In contrast, if the phone has a PIN, it becomes extremely difficult to hack into. Private keys become unreachable. Reputable wallet apps will not work if the phone’s operating system doesn’t have a PIN lock enabled.
In the case of device loss, a person can get a new phone and restore the wallet funds by using the 12-word private key. After access to the wallet is restored, it is recommended to transfer the funds to a new wallet.
Now that you understand the importance of the private keys, let’s quickly go through the process of sending and receiving Bitcoin. Nearly every cryptocurrency wallet comes with functionality.
How to Receive Bitcoin
To receive Bitcoin from someone, you need your Bitcoin address. The address is usually located in the Receive section of the wallet app. The screenshot below shows the Receive screen on the Unstoppable wallet app.
You need to copy the address and give it to the entity that wants to send you Bitcoin. It should be noted that most non-custodial wallets will provide you a new address for each transaction. It is a recommended privacy feature. The purpose is to keep your transaction history somewhat anonymous. We’ll take a closer look shortly.
Although the wallet will generate a new address after each incoming Bitcoin transaction, older addresses will remain functional and will appear in your wallet whenever someone sends funds to you. In practice, this means that you can generate an unlimited amount of addresses for people to send Bitcoins to you, and all of them will reach you.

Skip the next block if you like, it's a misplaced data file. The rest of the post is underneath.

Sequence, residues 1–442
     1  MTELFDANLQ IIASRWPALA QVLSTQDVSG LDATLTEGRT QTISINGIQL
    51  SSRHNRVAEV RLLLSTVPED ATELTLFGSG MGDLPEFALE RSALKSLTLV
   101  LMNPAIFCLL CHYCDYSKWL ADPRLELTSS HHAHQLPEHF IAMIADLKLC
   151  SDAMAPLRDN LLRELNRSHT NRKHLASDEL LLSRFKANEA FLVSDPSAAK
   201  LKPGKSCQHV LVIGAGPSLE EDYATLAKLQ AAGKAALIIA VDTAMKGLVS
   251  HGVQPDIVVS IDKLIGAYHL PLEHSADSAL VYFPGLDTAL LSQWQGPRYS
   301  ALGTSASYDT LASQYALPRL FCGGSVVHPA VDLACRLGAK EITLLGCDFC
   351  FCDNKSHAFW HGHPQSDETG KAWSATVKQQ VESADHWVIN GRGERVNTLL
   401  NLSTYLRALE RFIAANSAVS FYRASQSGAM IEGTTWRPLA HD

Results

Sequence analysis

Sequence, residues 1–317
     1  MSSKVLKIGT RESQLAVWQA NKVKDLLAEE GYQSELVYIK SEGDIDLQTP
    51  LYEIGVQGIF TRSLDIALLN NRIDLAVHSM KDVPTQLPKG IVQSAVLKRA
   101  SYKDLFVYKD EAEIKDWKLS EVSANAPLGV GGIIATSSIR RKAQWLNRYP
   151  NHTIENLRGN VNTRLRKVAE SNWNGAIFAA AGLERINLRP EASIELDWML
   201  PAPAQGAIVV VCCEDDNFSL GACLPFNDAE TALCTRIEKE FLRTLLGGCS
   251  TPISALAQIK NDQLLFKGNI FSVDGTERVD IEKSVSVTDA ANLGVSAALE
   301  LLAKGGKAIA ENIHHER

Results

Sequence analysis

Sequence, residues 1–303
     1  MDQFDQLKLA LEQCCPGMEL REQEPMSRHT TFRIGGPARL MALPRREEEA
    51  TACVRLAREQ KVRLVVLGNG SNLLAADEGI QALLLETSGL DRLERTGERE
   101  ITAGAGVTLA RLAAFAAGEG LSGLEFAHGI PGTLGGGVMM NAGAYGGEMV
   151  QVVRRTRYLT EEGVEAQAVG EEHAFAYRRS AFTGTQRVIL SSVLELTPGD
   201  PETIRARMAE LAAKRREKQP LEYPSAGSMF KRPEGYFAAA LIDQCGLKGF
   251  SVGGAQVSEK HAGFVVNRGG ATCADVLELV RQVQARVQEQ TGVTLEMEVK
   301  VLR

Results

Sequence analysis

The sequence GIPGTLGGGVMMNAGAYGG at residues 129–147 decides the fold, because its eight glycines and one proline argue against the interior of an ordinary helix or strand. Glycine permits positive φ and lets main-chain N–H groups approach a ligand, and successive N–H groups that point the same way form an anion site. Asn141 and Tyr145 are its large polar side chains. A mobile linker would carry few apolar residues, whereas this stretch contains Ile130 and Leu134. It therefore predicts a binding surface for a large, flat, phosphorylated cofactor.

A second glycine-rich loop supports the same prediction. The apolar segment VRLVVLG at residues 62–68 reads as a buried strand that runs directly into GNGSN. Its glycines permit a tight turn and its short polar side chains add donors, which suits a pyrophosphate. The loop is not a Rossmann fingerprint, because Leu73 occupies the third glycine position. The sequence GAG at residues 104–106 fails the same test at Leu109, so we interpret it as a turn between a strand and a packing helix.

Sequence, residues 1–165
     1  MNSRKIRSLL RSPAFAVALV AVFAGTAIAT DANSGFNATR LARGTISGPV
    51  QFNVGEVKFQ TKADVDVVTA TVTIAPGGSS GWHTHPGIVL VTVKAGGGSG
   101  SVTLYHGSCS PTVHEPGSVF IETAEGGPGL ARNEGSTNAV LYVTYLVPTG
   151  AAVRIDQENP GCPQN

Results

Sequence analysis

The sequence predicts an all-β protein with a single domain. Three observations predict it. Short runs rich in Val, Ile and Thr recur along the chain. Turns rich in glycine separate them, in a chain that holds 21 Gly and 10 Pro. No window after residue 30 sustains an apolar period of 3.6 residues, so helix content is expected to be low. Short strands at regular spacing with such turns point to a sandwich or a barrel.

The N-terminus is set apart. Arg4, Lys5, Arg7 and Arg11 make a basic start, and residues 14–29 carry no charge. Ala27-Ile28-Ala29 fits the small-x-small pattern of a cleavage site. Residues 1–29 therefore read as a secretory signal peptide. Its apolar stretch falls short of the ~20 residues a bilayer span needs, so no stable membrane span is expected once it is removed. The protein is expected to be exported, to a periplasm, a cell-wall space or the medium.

How to Send Bitcoin
To send someone Bitcoin, you need to ask the recipient for their Bitcoin address. You then use the Send feature in your wallet app to direct the desired amount to the provided address.
When sending a transaction, the sender must also pay a small transaction fee. It is awarded to the node which adds the transaction to the blockchain.
Once the user clicks on the Send button, there is a brief period while the transaction remains in a queue. Some wallet apps allow the user to change the transaction while it is in the pending queue.
Note: Bitcoin transactions are final. Once the Bitcoins are sent to the destination address and included in the block, they are non-reversible. Only the owner of the destination Bitcoin address can send or spend the Bitcoin.
How Fast Are Bitcoin Transactions?
What happens to a transaction after the user clicks on the Send button in the wallet? Well, every Bitcoin transaction goes through the following three stages:
The pending phase occurs while the transaction is in progress.
- A user clicks on the Send button in the wallet app.
- The transaction reaches the nodes on the Bitcoin network.
- Each node places the transaction in a queue, called a “mempool.”